Now, to an untutored mind, this sure looks like an alliance (conspiracy?) between the super-rich and the well-connected to gaslight America. From another perspective, it is just cooperation between the hardworking, successful entrepreneurs who “built that”, and noble, well-meaning public servants.
Lindsey’s restricted and self-serving definition of what constitutes America’s Ruling Class obscures political reality over and over again. Normal citizens can see that Republican politicians, their senior aides, and associated interest groups are as much a part of our ruling class (with or without capital letters) as anyone else, and that our problems exist as a result of the mistakes of our political class in general.
As evidence of the failure of the liberal, statist Ruling Class, Lindsey cites poll numbers showing an overwhelming majority of Americans agreeing that the country is on the wrong track. That is a little rich considering that Lindsey was part of an administration that presided over the disastrous Iraq occupation of 2003-2006, the financial crisis of 2008, and left office with a Real Clear Politics average job approval rating of twenty-nine percent (or about twenty points lower than that of President Obama in the Summer of 2016.)
That judgment on the Bush administration deserves some mitigation. The Surge and the Petraeus counterinsurgency strategy stabilized Iraq in 2007-2008, but the Bush administration was too discredited to derive any political benefit for that late, hard-earned, and bloody victory. The Bush administration had proposed some reforms to real estate finance prior to the housing crisis that helped lead to the deepest recession since the Great Depression, but congressional opposition doomed any chance for reform (though one wonders as to the point of the Republican congressional majorities elected in 2002 and 2004.)
The point is not that Bush was bad and got everything wrong. (Bush got some things right – sometimes against hostile public opinion.) The point is that public dissatisfaction can’t be understood as a rejection of a specifically statist, Ruling Class. It is a rejection of political elites in both parties.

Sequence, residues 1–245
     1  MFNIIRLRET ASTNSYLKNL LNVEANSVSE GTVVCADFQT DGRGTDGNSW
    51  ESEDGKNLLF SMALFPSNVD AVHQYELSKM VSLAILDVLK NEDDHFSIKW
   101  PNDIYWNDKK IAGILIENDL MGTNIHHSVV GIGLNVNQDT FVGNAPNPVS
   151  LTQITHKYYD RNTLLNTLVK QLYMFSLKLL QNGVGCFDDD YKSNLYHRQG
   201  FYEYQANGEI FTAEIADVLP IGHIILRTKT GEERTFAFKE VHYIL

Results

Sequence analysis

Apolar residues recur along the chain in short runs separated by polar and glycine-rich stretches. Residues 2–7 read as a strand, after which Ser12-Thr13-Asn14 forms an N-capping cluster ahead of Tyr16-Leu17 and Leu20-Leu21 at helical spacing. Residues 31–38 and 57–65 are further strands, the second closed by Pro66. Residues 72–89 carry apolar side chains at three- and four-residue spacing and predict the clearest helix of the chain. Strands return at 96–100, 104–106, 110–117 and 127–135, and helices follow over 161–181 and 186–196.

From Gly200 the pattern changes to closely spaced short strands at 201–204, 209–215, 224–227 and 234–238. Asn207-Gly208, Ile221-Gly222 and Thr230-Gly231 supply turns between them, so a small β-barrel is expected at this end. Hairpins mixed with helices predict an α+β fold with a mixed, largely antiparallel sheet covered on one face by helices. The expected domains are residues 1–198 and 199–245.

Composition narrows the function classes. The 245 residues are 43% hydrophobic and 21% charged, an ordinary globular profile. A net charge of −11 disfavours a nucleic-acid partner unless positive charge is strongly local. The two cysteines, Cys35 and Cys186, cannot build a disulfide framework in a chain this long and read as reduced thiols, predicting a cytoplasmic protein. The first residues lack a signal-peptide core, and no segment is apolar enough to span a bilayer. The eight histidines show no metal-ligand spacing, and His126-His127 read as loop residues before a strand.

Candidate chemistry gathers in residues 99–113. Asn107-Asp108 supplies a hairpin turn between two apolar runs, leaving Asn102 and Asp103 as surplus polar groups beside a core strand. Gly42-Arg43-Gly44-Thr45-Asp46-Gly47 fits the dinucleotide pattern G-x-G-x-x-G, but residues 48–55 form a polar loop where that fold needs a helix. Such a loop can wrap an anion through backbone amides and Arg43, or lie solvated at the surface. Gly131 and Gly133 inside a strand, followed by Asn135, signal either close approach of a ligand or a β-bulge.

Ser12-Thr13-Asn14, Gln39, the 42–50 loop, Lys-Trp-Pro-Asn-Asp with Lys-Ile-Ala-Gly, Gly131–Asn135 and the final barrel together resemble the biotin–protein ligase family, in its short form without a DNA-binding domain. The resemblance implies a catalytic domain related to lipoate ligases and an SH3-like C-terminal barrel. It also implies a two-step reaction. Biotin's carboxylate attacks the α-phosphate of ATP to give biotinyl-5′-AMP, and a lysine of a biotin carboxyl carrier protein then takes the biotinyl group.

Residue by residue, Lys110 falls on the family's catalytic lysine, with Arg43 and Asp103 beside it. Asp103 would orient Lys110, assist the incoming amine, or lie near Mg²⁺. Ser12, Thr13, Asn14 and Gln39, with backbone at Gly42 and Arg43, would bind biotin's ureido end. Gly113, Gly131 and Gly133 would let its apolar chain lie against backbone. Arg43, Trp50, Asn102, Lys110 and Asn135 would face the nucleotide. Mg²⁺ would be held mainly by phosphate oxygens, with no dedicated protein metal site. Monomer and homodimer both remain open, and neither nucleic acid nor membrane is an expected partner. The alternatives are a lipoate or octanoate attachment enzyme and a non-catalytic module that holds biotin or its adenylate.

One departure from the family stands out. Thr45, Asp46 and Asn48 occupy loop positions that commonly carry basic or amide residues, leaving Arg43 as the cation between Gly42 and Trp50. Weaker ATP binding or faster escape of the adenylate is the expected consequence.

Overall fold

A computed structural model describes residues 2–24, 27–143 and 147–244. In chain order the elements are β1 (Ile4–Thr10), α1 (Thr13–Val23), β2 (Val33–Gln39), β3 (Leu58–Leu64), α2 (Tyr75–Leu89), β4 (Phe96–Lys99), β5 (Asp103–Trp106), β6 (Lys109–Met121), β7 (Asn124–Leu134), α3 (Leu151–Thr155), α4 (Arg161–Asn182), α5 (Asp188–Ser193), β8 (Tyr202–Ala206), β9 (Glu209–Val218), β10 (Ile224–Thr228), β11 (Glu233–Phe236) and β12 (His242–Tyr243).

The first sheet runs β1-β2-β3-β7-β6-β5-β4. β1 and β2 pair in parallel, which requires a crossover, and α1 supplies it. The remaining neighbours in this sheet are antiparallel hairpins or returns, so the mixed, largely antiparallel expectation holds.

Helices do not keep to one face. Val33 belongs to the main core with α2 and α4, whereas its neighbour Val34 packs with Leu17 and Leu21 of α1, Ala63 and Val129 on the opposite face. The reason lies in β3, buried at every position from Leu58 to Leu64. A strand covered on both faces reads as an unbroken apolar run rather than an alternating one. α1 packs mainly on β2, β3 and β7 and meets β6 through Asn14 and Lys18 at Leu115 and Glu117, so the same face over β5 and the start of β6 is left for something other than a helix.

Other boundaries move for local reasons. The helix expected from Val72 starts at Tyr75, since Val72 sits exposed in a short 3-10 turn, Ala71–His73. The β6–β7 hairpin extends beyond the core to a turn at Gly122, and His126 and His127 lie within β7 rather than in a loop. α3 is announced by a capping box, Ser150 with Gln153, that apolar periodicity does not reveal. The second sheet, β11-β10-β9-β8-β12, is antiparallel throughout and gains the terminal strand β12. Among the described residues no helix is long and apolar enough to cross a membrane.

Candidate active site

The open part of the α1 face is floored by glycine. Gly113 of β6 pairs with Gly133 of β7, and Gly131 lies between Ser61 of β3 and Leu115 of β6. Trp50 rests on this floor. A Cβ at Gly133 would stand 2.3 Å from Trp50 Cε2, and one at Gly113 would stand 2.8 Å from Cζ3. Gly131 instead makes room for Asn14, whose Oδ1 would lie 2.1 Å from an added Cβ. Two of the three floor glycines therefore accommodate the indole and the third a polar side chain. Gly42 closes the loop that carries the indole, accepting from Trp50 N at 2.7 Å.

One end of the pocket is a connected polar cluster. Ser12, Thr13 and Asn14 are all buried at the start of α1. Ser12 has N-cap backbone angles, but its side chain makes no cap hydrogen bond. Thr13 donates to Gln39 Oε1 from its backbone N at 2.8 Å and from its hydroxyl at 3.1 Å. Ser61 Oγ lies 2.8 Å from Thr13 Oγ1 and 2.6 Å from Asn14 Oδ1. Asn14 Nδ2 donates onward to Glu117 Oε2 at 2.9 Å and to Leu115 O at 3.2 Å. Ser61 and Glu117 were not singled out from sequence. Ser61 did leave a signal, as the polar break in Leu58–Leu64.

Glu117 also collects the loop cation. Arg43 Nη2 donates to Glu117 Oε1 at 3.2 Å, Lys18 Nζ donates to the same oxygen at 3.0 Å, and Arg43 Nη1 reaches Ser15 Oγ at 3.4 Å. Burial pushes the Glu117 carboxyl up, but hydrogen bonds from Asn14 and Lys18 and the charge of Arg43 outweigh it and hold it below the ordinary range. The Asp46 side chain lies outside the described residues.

These same blind spots obscure Lindsey’s understanding of the 2012 election. Lindsey marshals polling numbers showing public opposition to increased spending and taxation to argue that there is a “pro-liberty” majority in the country. One could just as easily find opinion polls where most people are opposed to entitlement cuts and supportive of tax increases on high-earners. Would that mean that there is a big government, nanny state, pro-Ruling Class majority?
Lindsey argues that the 2012 was not a “Ruling Class versus liberty election. If it had been, the party that favored more government would not have won.”
That seems half right. Perhaps the most important question in the 2012 exit poll was the question of who Mitt Romney’s policies would favor. Fifty-three percent answered that Romney’s policies would have favored the rich and only thirty-four percent answered that Romney’s policies would have favored the middle-class. People did not see Romney’s message of across-the-board tax cuts, entitlement cuts, and his defense of business owners as a liberty message. They saw it as a pro-rich message.
Lindsey speculates that Romney might have had the right message but, as a millionaire, and a private equity investor, he was the wrong person to sell it. That is one theory. Another theory is that people saw the 2012 election not as a choice between a Ruling Class and liberty, but between two ruling classes. One was a sometimes bumbling and disappointing liberal ruling class that was overly fixated on the poor rather than on the middle-class. The other was a Republican ruling class that seemed to have learned nothing of value from its failures during the Bush years, and now offered a combination of tax cuts skewed for the rich and endless praise for the wealthy business owners who built that.
In the aftermath of the 2012 election, Republican elites favored the superficial, rather than substantive explanation for Romney’s failures. They prioritized moving toward an aesthetics of inclusion (illegal immigration as an act of love, stories about dad as a bartender) while shifting policy even closer to the priorities of the business lobbies.
The result was a political disaster. Trump (and to a lesser degree Ted Cruz) capitalized on the disconnect between Republican elites that wanted to increase future immigration and Republican voters who wanted no such thing. The eliding of the failures of the Bush administration led to a revolt of Republican Party voters. It took one of the great (certainly one of the most productive) liars in recent political history to state the obvious truth. Donald Trump said that, after the Bush administration, “Abraham Lincoln couldn’t have been elected.” Trump seems to have lied about his own opposition to the Iraq War, but he told at least one important truth.
In one of his later chapters, Lindsey argues for a kind of politics that he calls “philosophically populist, operationally libertarian.” The problem is that the Republican Party’s inability to learn from its mistakes, and its inability to say no to its wealthy donors has made it seem like less a populist and libertarian party, than an agency for enacting the priorities of the right-leaning rich. The result is a Trump candidacy that is philosophically populist and operationally demagogic. Perhaps the path to a successful politics of liberty starts with a little more introspection from the Republican ruling class.